There are also penalties for companies that do not use a sufficient amount of renewable energy sources to power their operations.
The legislation will now go through the upper house of parliament.
The bill is “a positive step” towards India’s climate goals, said Madhura Joshi, head of India’s energy transitions at E3G, a climate change think tank.
“The share of clean energy sources powering Indian industries and homes will definitely increase as a result of this bill,” he said.
Last week, India pledged to reduce emissions from activities for the country’s economic growth by 45% by 2030 from 2005 levels. The country also plans to achieve half of its energy needs from non-fossil energy sources by 2030 and to promote a federal government program that encourages people to adopt green lifestyle changes.
“Every unit of energy saved or conserved is essential to reducing emissions,” said Bharath Jairaj, who leads the India energy program at the World Resources Institute. Including large residential buildings in building codes that require energy savings is a key part of the bill and reducing emissions, he said.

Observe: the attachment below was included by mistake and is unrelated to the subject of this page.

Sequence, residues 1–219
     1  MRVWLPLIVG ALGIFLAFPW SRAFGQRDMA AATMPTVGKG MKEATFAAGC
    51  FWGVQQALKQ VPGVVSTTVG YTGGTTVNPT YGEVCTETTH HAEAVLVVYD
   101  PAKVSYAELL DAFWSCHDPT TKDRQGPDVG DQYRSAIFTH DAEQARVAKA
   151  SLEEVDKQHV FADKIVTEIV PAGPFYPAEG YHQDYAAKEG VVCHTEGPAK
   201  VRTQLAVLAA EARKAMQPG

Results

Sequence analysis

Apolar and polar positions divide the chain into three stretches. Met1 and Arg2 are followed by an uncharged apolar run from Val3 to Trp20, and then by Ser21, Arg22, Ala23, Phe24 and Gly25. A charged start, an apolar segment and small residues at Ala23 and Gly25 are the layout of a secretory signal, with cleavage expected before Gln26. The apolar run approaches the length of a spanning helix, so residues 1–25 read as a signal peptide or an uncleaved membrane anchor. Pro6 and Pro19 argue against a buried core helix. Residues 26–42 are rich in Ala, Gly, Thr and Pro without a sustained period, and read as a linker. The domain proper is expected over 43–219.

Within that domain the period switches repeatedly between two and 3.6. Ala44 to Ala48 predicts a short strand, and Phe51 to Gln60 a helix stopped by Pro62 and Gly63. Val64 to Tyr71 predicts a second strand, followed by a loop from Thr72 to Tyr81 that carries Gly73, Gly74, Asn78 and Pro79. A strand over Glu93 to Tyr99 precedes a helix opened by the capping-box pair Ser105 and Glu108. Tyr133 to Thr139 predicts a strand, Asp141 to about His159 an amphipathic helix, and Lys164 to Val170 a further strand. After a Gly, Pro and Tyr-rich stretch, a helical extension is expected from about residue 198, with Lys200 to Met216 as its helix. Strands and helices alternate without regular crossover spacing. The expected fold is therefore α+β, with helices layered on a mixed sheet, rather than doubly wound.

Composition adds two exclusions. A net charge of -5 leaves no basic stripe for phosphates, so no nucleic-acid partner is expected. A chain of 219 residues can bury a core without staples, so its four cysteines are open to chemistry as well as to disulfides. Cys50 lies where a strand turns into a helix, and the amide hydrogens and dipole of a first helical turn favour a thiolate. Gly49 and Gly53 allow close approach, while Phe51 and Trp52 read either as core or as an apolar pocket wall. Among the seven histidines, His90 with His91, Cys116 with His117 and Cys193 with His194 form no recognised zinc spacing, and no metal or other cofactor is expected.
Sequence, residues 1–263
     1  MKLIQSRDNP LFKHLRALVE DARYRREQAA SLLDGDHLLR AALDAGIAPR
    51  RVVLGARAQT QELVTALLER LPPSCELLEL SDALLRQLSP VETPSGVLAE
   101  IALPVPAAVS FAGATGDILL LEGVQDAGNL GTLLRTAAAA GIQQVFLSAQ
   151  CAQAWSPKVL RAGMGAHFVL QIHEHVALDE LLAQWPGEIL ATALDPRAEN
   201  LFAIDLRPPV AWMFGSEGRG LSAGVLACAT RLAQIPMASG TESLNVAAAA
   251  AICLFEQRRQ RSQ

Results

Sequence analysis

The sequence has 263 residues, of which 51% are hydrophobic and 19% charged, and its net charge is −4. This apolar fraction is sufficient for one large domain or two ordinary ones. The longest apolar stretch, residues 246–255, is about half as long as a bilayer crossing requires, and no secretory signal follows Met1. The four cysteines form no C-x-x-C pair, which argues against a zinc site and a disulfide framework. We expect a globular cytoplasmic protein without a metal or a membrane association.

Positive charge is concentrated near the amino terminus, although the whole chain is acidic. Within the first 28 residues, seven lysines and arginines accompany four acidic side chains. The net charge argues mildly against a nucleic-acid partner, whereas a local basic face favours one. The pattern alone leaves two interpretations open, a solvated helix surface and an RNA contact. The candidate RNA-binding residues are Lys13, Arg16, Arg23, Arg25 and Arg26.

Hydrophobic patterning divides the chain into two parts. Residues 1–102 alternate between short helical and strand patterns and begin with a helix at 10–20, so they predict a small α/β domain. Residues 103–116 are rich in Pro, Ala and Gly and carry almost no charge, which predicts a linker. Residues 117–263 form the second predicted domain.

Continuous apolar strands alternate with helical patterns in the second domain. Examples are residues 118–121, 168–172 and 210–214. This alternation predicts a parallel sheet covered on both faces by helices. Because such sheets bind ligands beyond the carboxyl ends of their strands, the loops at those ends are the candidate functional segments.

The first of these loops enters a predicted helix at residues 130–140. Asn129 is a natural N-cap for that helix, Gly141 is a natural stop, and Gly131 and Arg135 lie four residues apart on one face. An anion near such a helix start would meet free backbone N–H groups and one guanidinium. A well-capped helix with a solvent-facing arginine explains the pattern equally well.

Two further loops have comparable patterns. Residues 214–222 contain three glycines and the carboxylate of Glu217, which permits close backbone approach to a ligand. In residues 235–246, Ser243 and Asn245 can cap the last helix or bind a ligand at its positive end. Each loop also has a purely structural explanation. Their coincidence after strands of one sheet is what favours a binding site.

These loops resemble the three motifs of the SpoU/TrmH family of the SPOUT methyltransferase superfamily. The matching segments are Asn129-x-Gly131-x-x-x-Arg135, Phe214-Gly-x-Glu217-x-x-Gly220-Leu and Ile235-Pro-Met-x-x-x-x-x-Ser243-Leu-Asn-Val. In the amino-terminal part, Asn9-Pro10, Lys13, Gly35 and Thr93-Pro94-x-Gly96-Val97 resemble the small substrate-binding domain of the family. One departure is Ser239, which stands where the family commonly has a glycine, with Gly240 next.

Scientists say reducing greenhouse gases is key to limiting the effects of climate change, which has already brought hotter weather and more devastating floods to India.
The bill is also the first time the Indian government has proposed a carbon trading scheme. Unlike a few other parts of the world, the so-called carbon market is still a nascent idea in India, Jairaj said.
It is “set to become an important tool to reduce greenhouse gas emissions in India”, he added.
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